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What you need to know about 'emotional blunting' linked to antidepressants

A new study has shown that widely used antidepressants can cause ’emotional blunting’ as a side effect.

Research from the University of Cambridge revealed people on selective serotonin reuptake inhibitors (SSRI medication) became less responsive to both positive and negative feedback – suggesting the ‘edge’ of emotions had been taken off.

Of course, this is ideal in blunting the feeling of negative emotions, but the other end of the spectrum can be considered an adverse side effect.

Professor Barbara Sahakian, who authored the study, said: ‘In a way, this may be in part how they work.

‘They take away some of the emotional pain that people who experience depression feel, but unfortunately it seems that they also take away some of the enjoyment.’

Are you experiencing emotional blunting?

There are signs to look out for if you think you might be experiencing this.

Consultant psychiatrist Dr Sai Achuthan at Cygnet Health Care tells ‘The simple definition of emotional blunting is where individuals feel dull or numb.

‘Essentially they have an emotional indifference or a diminished emotional responsiveness and they no longer experience any ups and downs in terms of their emotions.’

Ways you can spot this include noticing your emotional responses – for example things that would previously make a person cry, or feel happy or laugh – no longer have the same impact.

‘Often, this can be a part of depression or a side effect of taking antidepressants,’ Dr Sai adds.

‘People who are experiencing emotional blunting could have difficulty showing or expressing emotions such as love, happiness, anger, or fear.

‘They may be feeling less motivated, experiencing a reduction in energy and demonstrating less empathy towards others.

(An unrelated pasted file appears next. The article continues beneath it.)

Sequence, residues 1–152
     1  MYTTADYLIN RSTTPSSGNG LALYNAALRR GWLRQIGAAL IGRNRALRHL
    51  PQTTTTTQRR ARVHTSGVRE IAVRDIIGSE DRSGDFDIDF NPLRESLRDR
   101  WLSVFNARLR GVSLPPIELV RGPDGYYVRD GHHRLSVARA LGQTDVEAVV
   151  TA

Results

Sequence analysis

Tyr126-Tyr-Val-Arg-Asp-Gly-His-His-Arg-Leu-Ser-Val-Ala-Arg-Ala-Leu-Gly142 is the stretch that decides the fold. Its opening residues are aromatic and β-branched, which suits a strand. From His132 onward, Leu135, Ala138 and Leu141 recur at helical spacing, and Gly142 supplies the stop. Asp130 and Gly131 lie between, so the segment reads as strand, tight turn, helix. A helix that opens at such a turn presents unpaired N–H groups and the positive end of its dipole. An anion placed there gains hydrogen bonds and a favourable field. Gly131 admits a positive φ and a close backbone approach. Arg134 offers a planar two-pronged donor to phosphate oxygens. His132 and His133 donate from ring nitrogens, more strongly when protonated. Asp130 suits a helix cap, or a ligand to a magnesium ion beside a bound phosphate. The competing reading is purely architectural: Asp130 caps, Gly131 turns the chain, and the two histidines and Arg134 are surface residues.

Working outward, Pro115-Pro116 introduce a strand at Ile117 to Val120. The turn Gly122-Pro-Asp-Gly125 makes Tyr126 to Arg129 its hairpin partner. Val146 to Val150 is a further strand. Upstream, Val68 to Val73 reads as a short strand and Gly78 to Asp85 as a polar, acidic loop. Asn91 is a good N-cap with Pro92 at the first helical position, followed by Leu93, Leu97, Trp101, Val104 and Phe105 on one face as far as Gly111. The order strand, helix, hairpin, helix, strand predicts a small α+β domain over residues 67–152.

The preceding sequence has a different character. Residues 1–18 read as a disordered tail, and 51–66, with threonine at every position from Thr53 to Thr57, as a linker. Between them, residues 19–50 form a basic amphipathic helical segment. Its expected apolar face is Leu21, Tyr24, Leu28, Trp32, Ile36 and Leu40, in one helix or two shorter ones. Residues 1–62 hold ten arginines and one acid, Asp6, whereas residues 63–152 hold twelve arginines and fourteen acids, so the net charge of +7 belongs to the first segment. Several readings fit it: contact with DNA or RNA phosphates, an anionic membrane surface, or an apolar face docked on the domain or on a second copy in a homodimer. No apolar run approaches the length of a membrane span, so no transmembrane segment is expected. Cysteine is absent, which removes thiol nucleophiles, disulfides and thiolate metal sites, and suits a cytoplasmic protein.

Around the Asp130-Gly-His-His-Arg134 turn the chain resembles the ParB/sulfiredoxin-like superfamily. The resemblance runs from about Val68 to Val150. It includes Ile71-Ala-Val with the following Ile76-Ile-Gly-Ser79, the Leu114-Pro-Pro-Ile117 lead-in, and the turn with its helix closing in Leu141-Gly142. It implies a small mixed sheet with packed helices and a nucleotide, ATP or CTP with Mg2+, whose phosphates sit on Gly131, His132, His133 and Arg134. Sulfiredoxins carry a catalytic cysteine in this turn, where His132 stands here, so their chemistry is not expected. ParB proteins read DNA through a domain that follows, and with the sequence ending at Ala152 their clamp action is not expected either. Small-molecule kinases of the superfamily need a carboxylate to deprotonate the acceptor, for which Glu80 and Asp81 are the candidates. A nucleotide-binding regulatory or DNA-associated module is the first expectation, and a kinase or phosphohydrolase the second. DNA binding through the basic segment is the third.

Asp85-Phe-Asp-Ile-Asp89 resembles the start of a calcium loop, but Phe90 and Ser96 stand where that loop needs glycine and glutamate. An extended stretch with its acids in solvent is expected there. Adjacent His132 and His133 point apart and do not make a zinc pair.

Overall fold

‘People who are feeling emotional blunted may also stop engaging in activities or tasks they previously enjoyed and their concentration and attention span may worsen.

‘Their thought process may become slower and sleep patterns may be disturbed. It can also cause a decrease in libido.’

So while the reduction in experiencing negative emotions can prove good, it might swing the other way for people and explain a ‘numbness’ towards positives.

If you feel like you’re missing out on positive feelings, Dr Sia recommends speaking to your doctor.

‘Medical intervention may be necessary and would include a discussion with the doctors to make alterations of the medication if the underlying cause is due to the antidepressant.

‘Altering the dosage or type of antidepressant may help but discussing feelings with a therapist would be really important too.’

On top of this, to try and boost ‘good’ feelings, it’s recommended to engage with regular exercise, spend time outdoors, avoid binge drinking, and eat healthy food.

It’s also a good idea to reach out to close friends and family, spending time with people most dear.

The research on emotional blunting should not put you off medication entirely. The study authors note that ‘there is no doubt that antidepressants are beneficial’. Instead, the findings can help spark a conversation with your doctor to see if your individual medication plan can be tweaked responsibly and safely.

You shouldn’t suddenly stop medication too, without consulting your doctor.

To speak to the Samaritans for free 24/7, call 116 123.

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Follow us on Twitter at @MentallyYrs.

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